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Gavin Haynes Sleepless Nights

Bob Crow Was OK with Being Hated

And in today's smarmy political landscape, that's what made him so powerful.

Collage by Marta Parszeniew (Bob Crow image via)

Simply put, he was the Cat Bin Lady of trade unionism. The man who knew what it was to be viscerally hated by hundreds upon thousands of Londoners. To be public enemy number one to millions who’d squidged their way onto the last 135 out of Limehouse, to those who’d become a kind of suited and booted jam that didn’t so much "get off" buses as ooze out of them and gradually re-inflate, blinking, gasping and attempting to re-acclimatise to a normal life after what they'd been put through just to get to work. All those people who walked three miles in heels because the buses rolling past were so morbidly obese they should’ve had their own Channel 5 shows: They all knew one name to hate. And they prayed, whenever a tube strike was on, that this God Of Fuck would be smited.


Bob Crow, somewhere in RMT HQ, perhaps felt a prickle on the back of his neck on days like this. I like to imagine him, like those fabled medieval princes who dressed up as paupers, going out in disguise in the midst of the latest RMT strike, to look upon all the havoc he had wrought, and perhaps give a chuckle as he squeezed another flustered recruitment consultant ever deeper into the 272 with the momentum of his hammy bulk. On those days, he was an iconic bogeyman, always there with a quote that could send the frothing machine into frothing overdrive. And seemingly always ready to play up to that stereotype, on behalf of those whose interests he so zealously served.

Bob Crow was OK with being hated. And in the modern world, where we’re all taught to be cuddly softies, that made him very powerful. When she died, many suggested that Margaret Thatcher wouldn’t even make it to the top of the Tory Party nowadays. She just wasn't smarmy enough. As ideology has become backgrounded, the only thing left to put marks in your plus column is chummy nice-guy status. Hence a run of leaders who all exhibit the same weird sucked lozenge features of people who’ve been assembled by focus groups. Who all exhibit the ability to "be the kind of guy people would want to go for a beer with", which, paradoxically, often means no one would want to go for a beer with any of these people because they’re so gormless that you’re not sure they’d know which end to drink it out of.

Nice guys don’t always finish last, but they do often have their shoes pissed on by other guys who are prepared to play up to their reputations as scowling Cockney bruisers who ain’t taking it off of no one. Bringing his members out on strikes that often felt like they were kneecapping London guaranteed that, unless TfL engaged in a real Thatcherite us-or-them war of elimination, he could command much higher wages than anyone in the higher end of society wanted him to. The success of his works can in part be gauged by the voice that comes on the tannoy any time you break down somewhere between Vauxhall and Stockwell: the dropped aitches, the glottal stops. Tube drivers at times seem to be the last living Cockney principality. These are the people who still prize their jobs in a way that most working men and women in the capital have long forgotten, the last who are not being undercut by the latest wave of EU additions, and who have consequently hung on to their line of work with sharp-elbowed tenacity.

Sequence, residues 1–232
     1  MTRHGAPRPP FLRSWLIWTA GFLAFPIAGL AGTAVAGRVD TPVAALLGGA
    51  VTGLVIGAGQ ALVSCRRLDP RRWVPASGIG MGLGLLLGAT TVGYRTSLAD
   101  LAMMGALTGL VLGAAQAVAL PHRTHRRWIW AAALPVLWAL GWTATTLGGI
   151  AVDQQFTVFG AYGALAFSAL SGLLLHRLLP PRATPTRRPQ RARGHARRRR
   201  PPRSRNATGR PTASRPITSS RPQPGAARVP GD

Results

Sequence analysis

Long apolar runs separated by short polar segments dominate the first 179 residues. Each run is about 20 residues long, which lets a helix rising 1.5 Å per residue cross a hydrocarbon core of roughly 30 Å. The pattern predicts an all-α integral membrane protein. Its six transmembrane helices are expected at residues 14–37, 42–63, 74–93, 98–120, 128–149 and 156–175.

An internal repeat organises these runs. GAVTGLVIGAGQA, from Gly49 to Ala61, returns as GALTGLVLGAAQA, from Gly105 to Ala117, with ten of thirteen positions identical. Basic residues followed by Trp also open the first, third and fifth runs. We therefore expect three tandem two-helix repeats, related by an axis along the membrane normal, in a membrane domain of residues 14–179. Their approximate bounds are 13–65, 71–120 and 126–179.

Somehow, though, this thought never registered with his critics in the capital. Londoners, used to everything on tap, saw only the inconvenience. Londoners, used to being undercut by the next guy, saw only the protectionism. Instead, people heading off to eat shit at Boots for £6.75 an hour decried the selfishness of these drivers. The people whose bosses had told then there was nothing left for a 13th cheque this year (aside from the "executive-retainment packages") spat at the mention of his name, his council house or his tropical holidays. Atomised, scattered, tetchy and afraid, they couldn’t quite get round to see that maybe they would be better off with a Bob Crow of their own as the combative figurehead of the £6.75-an-hour-shitmunching industry. Crow has been cast as "a bit of a dinosaur" simply because balls seem to be extinct. How would you answer the question: Could the masses in this country do with more or less of his kind?

Perhaps, one year on from Maggie, it is time to offer a sort of BBC balance quota by giving him the state funeral that he so clearly deserves, the one that Boris Johnson was obviously implying support for in his fine-sounding tributes this morning. Not a big one, of course. Just an average-sized state funeral. He wouldn’t have wanted too much fuss. Just the Archbishop Of Canterbury. Some heads of state. The old 21-gun salute. A troop of Royal Guards on horseback. Then shove him in Westminster Abbey, somewhere between David Livingstone and Sir Isaac Newton. Beyond his peerless achievements in holding back the tide of globalisation, it would be a sentimental final journey. You know, a chance for him to bring central London – a place, with its endless glass coffee boxes and empty homes, that now knows what happens when you surrender to turbocapitalism – to a grinding halt, one last time.